There are a number of recent news items suggesting several states could follow in the footsteps of Virginia as they seek ways to fund their infrastructure needs going forward. Some in Congress also appear to be taking a hard look at the Virginia plan, which included eliminating the state’s 17.5 cents-per-gallon gas tax in favor of new wholesale taxes on gasoline and diesel and an increase in the general sales tax. I also have updates on some other states looking at transportation funding issues and a preview of our upcoming Transportation Policy Academy in Washington, DC, where many of these issues will likely be part of the conversation.

Members of West Virginia Gov. Earl Ray Tomblin’s Blue Ribbon Commission on Highways were hard at work this week starting to finalize a list of suggestions for how the state might raise funding for road projects. The suggestions will likely form the basis for legislation to be put forward by the governor and considered by lawmakers during the 2014 session. The commission could recommend taking a page out of the playbooks of Ohio and Pennsylvania to use prospective future toll revenues on the West Virginia Turnpike to borrow on behalf of other non-toll roads in the state. New or adjusted fees could also be on the way. But new taxes likely won’t be on the table.

State transportation funding was another focus at July’s CSG Transportation Policy Academy in Portland, Oregon.  Rep. Judy Clibborn (D-WA) was among the speakers at the academy’s concluding roundtable discussion on July 20. Clibborn is the Chair of the Transportation Committee in the Washington House of Representatives and the co-chair of CSG’s Transportation Public Policy Committee.  She spoke about Washington state’s pursuit of transportation revenues over the last decade and this year’s failure of a transportation funding package, which would have helped pay for a long-in-the-works bridge project.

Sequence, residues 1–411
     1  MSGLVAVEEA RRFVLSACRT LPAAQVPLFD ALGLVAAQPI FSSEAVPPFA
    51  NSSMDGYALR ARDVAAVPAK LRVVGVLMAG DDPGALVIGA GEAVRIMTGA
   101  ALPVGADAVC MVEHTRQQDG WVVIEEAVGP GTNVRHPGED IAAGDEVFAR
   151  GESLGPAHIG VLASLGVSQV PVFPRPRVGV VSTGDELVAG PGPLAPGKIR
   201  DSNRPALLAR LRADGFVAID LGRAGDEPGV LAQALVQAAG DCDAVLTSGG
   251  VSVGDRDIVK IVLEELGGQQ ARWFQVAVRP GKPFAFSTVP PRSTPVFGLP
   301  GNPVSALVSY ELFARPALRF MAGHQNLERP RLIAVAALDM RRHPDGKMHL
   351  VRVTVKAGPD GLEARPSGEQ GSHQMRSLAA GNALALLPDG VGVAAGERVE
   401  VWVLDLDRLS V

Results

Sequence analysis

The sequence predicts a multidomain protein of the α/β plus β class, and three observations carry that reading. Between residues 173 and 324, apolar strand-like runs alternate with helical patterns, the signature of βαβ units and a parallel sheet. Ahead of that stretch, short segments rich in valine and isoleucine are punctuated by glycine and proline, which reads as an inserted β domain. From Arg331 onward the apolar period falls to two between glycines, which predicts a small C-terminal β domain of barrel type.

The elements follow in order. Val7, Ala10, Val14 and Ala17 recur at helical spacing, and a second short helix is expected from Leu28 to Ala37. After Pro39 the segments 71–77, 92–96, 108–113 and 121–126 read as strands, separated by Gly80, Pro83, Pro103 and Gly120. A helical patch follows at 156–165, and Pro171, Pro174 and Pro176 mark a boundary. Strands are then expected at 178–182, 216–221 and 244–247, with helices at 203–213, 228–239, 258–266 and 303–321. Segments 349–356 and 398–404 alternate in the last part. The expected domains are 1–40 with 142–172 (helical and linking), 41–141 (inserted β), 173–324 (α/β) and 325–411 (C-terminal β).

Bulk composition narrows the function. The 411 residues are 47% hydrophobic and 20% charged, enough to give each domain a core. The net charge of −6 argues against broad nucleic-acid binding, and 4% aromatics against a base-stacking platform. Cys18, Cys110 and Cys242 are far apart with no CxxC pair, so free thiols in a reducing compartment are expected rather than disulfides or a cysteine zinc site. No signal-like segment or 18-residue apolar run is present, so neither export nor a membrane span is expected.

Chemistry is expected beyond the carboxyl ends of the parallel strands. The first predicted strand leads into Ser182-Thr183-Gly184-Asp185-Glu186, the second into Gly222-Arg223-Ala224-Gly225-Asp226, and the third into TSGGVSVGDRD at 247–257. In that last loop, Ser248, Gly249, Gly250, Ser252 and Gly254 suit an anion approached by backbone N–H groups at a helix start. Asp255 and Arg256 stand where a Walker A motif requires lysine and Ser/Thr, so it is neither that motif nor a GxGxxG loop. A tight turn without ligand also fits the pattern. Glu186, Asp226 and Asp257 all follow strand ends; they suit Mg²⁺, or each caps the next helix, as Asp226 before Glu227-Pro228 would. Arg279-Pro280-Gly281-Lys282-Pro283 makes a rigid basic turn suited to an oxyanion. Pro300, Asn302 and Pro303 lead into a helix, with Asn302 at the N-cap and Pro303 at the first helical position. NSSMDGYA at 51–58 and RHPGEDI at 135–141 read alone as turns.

The importance of infrastructure to economic development was the focus of remarks by Charlie Howard at the CSG Transportation Policy Academy in Portland, Oregon on July20th. Howard is Director of Integrated Planning at the Puget Sound Regional Council, a Metropolitan Planning Organization and Regional Transportation Planning Organization that helps to develop policies in regional growth management, transportation and economic development in the Seattle area. He told policy academy attendees how the Seattle region’s burgeoning population is informing what his agency does.